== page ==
Welcome to © Wildfocus – the Photo Forum with a difference!
Upload your “prize-winning” photos here.
What makes a winning photo?
Entries for next competition
Conditions of use
1) Upload your “prize-winning” photos here (see conditions of use)
Photo resolution: 580 pixels min, 4000 pixels max; photo size = 4.0 MB max.
Images should not be duplicated by uploading into more than one gallery.
Photo upload limits: photo competition – one (1) photo per person;
All other galleries: three (3) photos each 24 hour period.
2) Entries for next competition
Ken Billington0 votes (0%)
Bob Swan0 votes (0%)
Dawna Komorosky0 votes (0%)
John Tobias0 votes (0%)
Jerry Schudda0 votes (0%)
Reima Rönkkö0 votes (0%)
Eija Rönkkö0 votes (0%)
Peter Beesley0 votes (0%)
Bob Shepardson0 votes (0%)
Laval Roy0 votes (0%)
Miguel Sammartino0 votes (0%)
Sherry Shepardson0 votes (0%)
Jaliya Rasaputra0 votes (0%)
Dave Richards0 votes (0%)
Noushka Wildlife0 votes (0%)
Terence Land0 votes (0%)
Mike Barth0 votes (0%)
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3) What makes a winning photograph?
As one of the judges of the National Wildlife Photo Contest, I’m often asked what makes a winning photograph. The contest started in 1971, and from its beginning, judges have looked at each image with five criteria in mind. So whether you are deciding which images to enter or just looking at what others have entered to vote for the People’s Choice Award, you will find helpful tips in these five factors that the judges look for in evaluating entries:
We’ve seen many cedar waxwing images but this second place winning photo was very original. The photographer’s companion was looking in a field guide at differences between a cedar waxwing and a bohemian waxwing when the bird got curious, too. You never know when a photo opportunity may arise, so have your camera ready.
(b) Technical Excellence
Remember when we were told we shouldn’t photograph toward the sun? But this first place winner of a mother and child dancing on the beach shows you can do this quite effectively if you select the right camera settings. That means the proper exposure, shutter speed, white balance and depth of field. And be aware of lens flare!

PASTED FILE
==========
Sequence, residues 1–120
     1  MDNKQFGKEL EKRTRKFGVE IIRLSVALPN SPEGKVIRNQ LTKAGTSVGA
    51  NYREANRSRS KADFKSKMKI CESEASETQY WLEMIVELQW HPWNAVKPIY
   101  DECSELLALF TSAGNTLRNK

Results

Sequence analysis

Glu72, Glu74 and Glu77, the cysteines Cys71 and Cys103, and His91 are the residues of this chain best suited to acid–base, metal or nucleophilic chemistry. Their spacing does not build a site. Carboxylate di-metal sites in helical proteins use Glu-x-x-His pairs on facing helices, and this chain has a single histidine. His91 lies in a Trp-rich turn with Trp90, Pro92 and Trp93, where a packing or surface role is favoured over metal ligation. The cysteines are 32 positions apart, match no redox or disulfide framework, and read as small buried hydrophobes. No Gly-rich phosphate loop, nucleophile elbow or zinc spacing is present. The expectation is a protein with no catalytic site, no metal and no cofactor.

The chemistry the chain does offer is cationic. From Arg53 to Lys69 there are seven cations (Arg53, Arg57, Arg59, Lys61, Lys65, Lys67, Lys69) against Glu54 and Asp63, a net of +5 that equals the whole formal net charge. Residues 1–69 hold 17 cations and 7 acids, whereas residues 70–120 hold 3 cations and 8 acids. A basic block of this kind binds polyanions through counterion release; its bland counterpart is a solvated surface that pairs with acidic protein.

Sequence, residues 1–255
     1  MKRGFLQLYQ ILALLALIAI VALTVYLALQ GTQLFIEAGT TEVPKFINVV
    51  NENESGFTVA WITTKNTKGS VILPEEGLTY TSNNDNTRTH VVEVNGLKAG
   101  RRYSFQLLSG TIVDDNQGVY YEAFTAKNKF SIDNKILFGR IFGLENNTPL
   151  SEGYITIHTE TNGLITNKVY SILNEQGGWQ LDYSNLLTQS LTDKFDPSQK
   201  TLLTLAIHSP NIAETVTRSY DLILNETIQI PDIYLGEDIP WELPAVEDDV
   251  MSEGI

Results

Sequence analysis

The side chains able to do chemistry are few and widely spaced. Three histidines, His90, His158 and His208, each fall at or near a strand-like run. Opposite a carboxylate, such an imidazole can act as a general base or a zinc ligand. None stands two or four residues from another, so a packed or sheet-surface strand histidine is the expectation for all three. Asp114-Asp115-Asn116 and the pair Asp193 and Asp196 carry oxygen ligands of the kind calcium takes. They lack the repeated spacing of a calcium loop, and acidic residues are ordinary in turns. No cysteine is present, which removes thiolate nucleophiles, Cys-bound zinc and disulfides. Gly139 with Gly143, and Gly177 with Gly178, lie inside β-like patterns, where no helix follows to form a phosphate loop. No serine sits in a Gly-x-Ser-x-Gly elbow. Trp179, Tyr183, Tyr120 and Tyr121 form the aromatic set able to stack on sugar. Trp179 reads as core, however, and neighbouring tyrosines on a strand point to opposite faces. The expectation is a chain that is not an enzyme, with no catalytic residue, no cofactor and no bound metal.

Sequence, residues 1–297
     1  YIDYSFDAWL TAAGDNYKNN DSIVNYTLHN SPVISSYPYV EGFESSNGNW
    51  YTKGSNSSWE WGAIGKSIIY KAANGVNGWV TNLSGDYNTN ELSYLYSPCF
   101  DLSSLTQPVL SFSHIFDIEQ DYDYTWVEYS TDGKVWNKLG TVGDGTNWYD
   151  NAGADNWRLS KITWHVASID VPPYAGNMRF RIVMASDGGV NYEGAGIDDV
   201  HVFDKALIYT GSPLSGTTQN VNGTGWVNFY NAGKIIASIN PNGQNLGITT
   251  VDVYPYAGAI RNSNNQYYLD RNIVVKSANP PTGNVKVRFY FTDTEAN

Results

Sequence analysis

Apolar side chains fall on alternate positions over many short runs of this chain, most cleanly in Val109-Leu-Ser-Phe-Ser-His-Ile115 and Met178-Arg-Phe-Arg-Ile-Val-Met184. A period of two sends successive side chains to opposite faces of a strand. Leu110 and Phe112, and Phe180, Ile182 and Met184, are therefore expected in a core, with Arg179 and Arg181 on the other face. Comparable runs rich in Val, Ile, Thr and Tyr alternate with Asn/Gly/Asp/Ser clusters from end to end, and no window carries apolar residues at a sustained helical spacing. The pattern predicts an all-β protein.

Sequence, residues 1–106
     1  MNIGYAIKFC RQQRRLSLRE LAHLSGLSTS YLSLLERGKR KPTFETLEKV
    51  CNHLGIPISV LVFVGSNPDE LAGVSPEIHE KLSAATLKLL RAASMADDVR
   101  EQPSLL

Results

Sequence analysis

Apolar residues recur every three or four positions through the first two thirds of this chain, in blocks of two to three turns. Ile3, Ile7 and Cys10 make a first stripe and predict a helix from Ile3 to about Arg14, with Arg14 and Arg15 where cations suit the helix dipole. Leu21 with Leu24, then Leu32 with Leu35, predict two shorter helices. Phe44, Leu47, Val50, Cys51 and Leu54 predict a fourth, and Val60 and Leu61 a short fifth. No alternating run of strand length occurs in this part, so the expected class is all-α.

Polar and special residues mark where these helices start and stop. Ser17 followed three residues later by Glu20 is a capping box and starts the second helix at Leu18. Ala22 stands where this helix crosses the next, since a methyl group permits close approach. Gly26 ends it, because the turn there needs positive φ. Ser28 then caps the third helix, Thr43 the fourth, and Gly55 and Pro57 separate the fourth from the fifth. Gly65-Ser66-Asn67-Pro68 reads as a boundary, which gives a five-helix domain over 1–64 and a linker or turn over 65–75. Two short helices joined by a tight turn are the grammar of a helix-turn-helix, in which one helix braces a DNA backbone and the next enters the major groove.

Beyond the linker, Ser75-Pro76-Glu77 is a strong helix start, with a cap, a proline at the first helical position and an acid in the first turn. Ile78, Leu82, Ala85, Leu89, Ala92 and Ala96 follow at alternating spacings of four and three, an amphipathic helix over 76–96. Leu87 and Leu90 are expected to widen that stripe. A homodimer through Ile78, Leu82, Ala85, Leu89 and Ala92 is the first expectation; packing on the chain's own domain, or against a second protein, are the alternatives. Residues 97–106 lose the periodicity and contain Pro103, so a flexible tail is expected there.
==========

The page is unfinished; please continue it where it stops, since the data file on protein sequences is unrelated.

This entry has great balance, and the placement and strong color of the canoe emphasize the whiteness of the scene. It’s always best to make your composition when you shoot, but sometimes you might find a better composition by cropping afterward. Don’t be afraid to crop if it will help composition.
(d) Artistic Merit
All the elements came together for this photographer? the large elk, the double rainbow, the sun highlighting the bands of rain. The photographer didn’t let weather stop her from shooting and she was rewarded with this beautiful wildlife landscape. Sunny blue skies have their place, but what we might consider bad weather can add a lot of drama to a photograph.
(e) Overall Impact
This first-place winning image of an indigo bunting is sharp, well-lit, and the bird contrasts well against the palm leaf background. The wingspread also adds implied motion. Good photographs are made, not taken. Work at your subject, be aware of the background, and anticipate behavior. So do what the judges do and keep these factors in mind as you select what photos to enter or what photos to vote for. Strive to select winning images!
This article was written by John Nuhn for National Wildlife Federation.
4) Conditions of use
- You have read and agree to the Terms of Service
- You confirm that the photo copyright belongs to you.
- The photo title and descriptive fields must be completed.
- Photos in frames or with colored borders are not allowed.
- Photos of pets, captive or domestic animals are not allowed.
- Photos of paintings or drawings of wild animals are not allowed.
- Photos not in accordance with conditions of use may be excluded.
- Winning photos will also be featured on our blog’s rotating banner.
- Images should not be duplicated by uploading into more than one gallery.
- Composite photos created by superimposing two or more separate photos not allowed.
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